CFPB begins accepting consumer complaints on prepaid cards and additional nonbank products
WASHINGTON, DC (July 21, 2014) — The Consumer Financial Protection Bureau (CFPB) is now accepting complaints from consumers encountering problems with prepaid cards, such as gift cards, benefit cards, and general purpose reloadable cards. Consumers can also now submit complaints about additional nonbank products, including debt settlement services, credit repair services, and pawn and title loans.
“Today we are taking another important step to expand the Bureau’s handling of consumer complaints,” said CFPB Director Richard Cordray. “By accepting consumer complaints about prepaid products and certain other services we will be giving people a greater voice in these markets and a place to turn to when they encounter problems.”
The Bureau started taking complaints about credit cards when it opened its doors in July 2011. In addition to taking complaints regarding today’s new products, the CFPB also handles complaints about mortgages, bank accounts and services, private student loans, auto and other consumer loans, credit reporting, debt collection, payday loans, and money transfers. The Bureau requests that companies respond to complaints within 15 days and describe the steps they have taken or plan to take. The CFPB expects companies to close all but the most complicated complaints within 60 days. Consumers are given a tracking number after submitting a complaint and can check the status of their complaint by logging on to the CFPB website.
Prepaid cards generally allow a consumer to access money that has been paid and loaded onto the card upfront. A prepaid card can refer to a number of different types of cards. For example, gift cards are prepaid cards that typically can be used at one specific company like a restaurant or retailer and are used up once the value on the card is depleted. Other cards may be loaded with a consumer’s salary or other employee benefits such as healthcare or transit payments.
“General purpose reloadable” prepaid cards allow consumers to pay to reload the card and reuse it, and often allow consumers to take money out at ATMs. Many consumers use reloadable prepaid cards as an alternative to a traditional checking account. Some prepaid cards, however, have fewer consumer protections than debit or credit cards. In the coming months, the Bureau plans to issue a proposed rule aimed at increasing federal consumer protections for general purpose reloadable prepaid cards.
Consumers can submit prepaid card complaints to the Bureau about:
- Problems managing, opening, or closing their account
- Overdraft issues and incorrect or unexpected fees
- Frauds, scams, or unauthorized transactions
- Advertising, disclosures, and marketing practices
- Adding money and savings or rewards features
Debt Settlement and Credit Repair Services
Debt settlement services typically promise consumers that they will renegotiate, settle, or in some way change the terms of a person’s delinquent debt owed to a creditor or debt collector. These companies may promise to reduce the outstanding balance, interest rates, or fees a person owes. Credit repair services often promise to improve a consumer’s credit reports by contacting credit reporting agencies on the consumer’s behalf and challenging items on the reports. The fees these types of companies charge consumers often are high. The CFPB has taken several enforcement actions against debt settlement firms for taking advantage of struggling consumers.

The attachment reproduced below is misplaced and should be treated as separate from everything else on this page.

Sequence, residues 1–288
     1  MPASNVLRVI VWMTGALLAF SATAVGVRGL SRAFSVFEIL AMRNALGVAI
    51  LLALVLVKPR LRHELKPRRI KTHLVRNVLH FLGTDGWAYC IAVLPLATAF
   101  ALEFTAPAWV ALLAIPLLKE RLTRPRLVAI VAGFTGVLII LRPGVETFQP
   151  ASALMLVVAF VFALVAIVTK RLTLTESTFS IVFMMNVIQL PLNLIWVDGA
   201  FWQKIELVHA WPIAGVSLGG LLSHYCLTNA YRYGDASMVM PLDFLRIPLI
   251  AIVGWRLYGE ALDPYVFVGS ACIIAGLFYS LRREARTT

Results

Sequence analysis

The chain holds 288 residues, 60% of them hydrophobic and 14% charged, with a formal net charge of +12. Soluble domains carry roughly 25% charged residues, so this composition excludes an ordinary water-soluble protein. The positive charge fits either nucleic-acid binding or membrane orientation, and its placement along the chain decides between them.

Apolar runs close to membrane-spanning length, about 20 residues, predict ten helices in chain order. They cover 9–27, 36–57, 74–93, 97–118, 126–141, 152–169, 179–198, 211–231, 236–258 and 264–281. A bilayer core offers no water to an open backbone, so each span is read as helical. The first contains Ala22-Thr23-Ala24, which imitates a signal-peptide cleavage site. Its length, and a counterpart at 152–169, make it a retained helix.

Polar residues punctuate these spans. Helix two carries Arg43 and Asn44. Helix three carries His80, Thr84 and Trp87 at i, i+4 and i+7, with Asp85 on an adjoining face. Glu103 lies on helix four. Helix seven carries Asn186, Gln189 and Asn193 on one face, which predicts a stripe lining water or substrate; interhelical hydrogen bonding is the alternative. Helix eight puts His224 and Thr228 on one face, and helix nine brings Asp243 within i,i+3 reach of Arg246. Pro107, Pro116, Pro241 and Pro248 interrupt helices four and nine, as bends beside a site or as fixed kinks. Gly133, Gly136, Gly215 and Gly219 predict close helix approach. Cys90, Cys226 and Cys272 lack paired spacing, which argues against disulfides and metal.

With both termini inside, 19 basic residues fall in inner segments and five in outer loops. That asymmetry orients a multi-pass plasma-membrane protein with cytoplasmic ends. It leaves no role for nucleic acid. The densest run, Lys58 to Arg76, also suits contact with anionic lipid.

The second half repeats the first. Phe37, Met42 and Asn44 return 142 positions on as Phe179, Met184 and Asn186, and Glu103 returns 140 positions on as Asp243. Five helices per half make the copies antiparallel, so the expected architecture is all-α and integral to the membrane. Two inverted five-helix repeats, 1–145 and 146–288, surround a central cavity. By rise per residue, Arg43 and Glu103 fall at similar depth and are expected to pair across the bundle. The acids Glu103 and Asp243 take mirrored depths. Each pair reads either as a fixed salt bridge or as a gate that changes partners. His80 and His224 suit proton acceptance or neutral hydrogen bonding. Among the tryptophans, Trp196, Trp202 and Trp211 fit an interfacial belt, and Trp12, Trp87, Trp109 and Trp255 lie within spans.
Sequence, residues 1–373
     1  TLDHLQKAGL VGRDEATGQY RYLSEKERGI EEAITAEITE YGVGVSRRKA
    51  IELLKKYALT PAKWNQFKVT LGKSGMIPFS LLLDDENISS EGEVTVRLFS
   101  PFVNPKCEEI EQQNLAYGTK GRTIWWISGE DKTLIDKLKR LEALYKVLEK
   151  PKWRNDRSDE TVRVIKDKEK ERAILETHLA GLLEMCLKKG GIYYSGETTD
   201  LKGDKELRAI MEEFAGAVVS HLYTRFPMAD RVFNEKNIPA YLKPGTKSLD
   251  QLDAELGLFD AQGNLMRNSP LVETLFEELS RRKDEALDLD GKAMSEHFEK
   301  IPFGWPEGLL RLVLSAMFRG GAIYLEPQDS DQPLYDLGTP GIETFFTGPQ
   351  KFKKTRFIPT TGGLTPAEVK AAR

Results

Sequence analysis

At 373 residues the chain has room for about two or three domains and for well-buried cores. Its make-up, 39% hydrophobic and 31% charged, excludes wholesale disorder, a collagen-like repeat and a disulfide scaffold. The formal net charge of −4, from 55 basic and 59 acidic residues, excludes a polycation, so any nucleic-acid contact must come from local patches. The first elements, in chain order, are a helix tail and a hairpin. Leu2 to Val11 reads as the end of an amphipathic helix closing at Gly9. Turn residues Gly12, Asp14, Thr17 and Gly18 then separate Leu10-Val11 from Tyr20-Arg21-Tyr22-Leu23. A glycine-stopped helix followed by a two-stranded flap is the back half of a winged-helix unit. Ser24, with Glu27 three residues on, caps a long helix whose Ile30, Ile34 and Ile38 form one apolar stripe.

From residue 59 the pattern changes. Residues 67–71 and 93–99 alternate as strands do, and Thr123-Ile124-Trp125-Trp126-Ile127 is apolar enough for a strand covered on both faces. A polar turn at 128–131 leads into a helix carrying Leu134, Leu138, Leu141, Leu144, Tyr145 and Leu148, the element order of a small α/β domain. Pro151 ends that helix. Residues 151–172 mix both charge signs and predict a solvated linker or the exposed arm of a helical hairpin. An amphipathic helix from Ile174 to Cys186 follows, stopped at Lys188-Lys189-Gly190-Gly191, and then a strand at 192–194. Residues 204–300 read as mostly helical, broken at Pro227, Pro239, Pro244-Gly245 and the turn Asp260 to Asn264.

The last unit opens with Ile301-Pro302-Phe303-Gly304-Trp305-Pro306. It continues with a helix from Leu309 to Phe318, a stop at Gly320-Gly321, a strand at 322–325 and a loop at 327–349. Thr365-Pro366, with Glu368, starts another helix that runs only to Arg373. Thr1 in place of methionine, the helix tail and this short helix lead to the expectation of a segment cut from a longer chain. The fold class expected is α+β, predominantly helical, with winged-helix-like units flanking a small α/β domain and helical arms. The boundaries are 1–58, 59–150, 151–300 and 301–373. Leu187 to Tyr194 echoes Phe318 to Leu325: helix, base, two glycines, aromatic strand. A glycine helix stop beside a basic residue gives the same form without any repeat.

Consumers can submit debt settlement and credit repair complaints to the Bureau about:
- Excessive or unexpected fees
- Advertising, disclosures, and marketing practices
- Customer service issues
- Frauds or scams
Pawn and Title Loans
Pawn stores and title loan companies often provide small loans to consumers using personal property or a vehicle title as collateral. If a consumer defaults or fails to make payments, the lender can take possession of the consumer’s property or car. These loans are frequently short term and may have high interest rates.
Consumers can submit pawn loan and title loan complaints to the Bureau about:
- Unexpected charges or interest fees
- Loan application issues
- Problems with the lender correctly charging and crediting payments
- Issues with the lender repossessing, selling, or damaging the consumer’s property or vehicle
- Unable to contact lender
To submit a complaint, consumers can:
- Go online at www.consumerfinance.gov/complaint
- Call the toll-free phone number at 1-855-411-CFPB (2372) or TTY/TDD phone number at 1-855-729-CFPB (2372)
- Fax the CFPB at 1-855-237-2392
- Mail a letter to: Consumer Financial Protection Bureau, P.O. Box 4503, Iowa City, Iowa 52244
The CFPB provides complaint-handling services to consumers in more than 180 languages and to consumers who are deaf, have hearing loss, or have speech disabilities via the Bureau’s toll-free telephone number.
Additionally, through AskCFPB, consumers can get clear, unbiased answers to their questions about financial products and services at consumerfinance.gov/askcfpb or by calling 1-855-411-CFPB (2372).
The Consumer Financial Protection Bureau is a 21st century agency that helps consumer finance markets work by making rules more effective, by consistently and fairly enforcing those rules, and by empowering consumers to take more control over their economic lives. For more information, visit consumerfinance.gov.